AirTalk for December 13, 2011

Harvard physicist illuminates the role science plays in our lives

By Lisa Randall

Knocking on Heaven's Door: How Physics and Scientific Thinking Illuminate the Universe and the Modern World

Most of us probably haven’t thought about physics on a daily basis since taking classes in high school or college. Even back then, the subject can be so mentally taxing that information is processed for tests and quickly forgotten. Still, understanding physics and the scientific approach can shed a great deal of light on how our universe works.

But there’s no need to dust off the old textbooks (besides, they’re probably outdated). Instead, look toward Harvard Professor of Physics Lisa Randall’s new book, “Knocking on Heaven's Door: How Physics and Scientific Thinking Illuminate the Universe and the Modern World.”

Randall’s book, while written with the highest technical acumen, puts the most recondite aspects of physics into terms that are comprehensible to the typical layperson. And this is no dry, academic lecture; Randall employs her wry humor throughout the book and jumps from physics to her enthusiastic defense of science’s role in our lives.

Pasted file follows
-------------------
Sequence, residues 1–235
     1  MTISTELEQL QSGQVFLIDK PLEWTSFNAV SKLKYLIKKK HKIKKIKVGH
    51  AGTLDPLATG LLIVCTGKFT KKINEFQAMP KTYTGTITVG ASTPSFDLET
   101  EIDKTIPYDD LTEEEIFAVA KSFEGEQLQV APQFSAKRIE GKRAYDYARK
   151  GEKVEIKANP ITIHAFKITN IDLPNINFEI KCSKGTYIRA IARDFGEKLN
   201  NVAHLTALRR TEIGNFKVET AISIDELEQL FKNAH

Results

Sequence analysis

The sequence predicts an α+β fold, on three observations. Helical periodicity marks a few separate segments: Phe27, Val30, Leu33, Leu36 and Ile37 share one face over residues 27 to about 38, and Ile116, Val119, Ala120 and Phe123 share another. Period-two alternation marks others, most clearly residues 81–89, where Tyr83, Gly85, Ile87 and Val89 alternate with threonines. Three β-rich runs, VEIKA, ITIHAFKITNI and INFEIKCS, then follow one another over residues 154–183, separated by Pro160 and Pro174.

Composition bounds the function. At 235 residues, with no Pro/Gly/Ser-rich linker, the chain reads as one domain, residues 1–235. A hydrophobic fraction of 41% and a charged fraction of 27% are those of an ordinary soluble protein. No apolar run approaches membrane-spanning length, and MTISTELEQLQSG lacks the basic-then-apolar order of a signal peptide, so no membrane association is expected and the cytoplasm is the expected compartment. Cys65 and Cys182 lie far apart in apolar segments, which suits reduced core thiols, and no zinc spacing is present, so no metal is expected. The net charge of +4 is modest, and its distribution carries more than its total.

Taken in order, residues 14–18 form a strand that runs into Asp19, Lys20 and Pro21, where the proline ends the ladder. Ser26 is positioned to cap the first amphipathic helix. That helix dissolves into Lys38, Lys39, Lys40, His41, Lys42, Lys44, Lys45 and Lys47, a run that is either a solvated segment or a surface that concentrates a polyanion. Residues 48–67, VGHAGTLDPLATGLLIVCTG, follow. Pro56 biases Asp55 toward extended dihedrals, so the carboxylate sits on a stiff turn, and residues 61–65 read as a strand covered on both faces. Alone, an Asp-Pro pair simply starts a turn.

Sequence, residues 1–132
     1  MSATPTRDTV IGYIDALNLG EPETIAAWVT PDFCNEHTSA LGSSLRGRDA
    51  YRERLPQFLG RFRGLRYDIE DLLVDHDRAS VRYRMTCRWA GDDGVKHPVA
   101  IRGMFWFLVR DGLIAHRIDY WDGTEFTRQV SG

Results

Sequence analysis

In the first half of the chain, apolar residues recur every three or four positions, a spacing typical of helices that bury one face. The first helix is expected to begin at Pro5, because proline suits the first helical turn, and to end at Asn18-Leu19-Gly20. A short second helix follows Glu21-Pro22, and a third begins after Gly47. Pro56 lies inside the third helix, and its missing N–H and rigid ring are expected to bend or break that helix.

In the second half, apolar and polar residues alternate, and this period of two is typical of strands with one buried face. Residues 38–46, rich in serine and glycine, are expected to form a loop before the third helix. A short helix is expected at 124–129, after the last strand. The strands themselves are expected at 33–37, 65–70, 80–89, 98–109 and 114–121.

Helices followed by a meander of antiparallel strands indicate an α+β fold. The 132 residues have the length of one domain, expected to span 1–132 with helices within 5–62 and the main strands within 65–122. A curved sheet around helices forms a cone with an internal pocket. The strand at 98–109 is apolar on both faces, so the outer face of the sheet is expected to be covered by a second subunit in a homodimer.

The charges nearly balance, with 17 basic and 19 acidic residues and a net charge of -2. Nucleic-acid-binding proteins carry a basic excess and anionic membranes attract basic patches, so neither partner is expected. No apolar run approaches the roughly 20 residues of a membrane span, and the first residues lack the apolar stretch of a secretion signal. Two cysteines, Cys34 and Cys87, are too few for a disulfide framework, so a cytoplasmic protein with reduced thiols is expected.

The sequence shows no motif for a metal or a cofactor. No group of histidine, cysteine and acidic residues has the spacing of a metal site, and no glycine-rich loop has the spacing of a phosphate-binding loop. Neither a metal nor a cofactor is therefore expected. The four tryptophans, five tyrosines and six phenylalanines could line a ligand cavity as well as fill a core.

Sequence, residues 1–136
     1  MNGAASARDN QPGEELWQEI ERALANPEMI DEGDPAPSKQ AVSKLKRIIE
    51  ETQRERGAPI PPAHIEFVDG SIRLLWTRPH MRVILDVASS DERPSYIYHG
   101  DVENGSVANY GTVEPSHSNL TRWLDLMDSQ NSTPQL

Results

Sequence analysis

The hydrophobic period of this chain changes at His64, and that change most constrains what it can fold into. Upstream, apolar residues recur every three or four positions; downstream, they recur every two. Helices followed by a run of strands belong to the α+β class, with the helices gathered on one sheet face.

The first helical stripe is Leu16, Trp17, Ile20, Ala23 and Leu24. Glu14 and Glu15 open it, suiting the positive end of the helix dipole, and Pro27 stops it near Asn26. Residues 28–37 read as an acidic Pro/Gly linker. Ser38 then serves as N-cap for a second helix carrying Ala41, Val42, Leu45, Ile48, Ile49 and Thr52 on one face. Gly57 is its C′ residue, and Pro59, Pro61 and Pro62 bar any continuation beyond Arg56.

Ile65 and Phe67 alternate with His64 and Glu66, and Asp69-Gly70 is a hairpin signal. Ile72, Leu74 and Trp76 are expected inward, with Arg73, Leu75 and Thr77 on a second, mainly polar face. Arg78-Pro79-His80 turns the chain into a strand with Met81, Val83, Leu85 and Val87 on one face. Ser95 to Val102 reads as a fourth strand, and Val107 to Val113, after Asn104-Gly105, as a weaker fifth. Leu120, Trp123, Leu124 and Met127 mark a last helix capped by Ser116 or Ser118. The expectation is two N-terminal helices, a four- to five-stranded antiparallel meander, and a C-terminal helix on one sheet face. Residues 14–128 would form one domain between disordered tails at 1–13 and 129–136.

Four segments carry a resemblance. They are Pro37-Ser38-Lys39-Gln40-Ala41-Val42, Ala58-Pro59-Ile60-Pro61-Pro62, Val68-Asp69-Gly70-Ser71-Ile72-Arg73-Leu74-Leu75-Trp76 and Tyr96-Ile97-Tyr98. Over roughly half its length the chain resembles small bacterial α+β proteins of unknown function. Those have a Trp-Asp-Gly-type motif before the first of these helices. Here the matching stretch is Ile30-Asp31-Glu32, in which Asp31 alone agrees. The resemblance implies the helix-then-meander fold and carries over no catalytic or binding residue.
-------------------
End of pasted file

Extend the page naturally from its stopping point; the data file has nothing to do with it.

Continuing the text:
WEIGH IN:

Are there any topics in physics you wish someone could better explain? Do you want to know how the Large Hadron Collider will reveal to scientists the nature of fundamental particles? Or maybe you want to understand application theory, or at least find out what it is? What can modern physics tell us about the way the world works today? What about how it will work tomorrow?

Guest:

Lisa Randall, Physicist and Author of “Knocking on Heaven’s Door: How Physics and Scientific Thinking Illuminate the Universe and the Modern World” (HarperCollins); Professor of Science at Harvard University; one of Time Magazine’s “100 Most Influential People” (2007)


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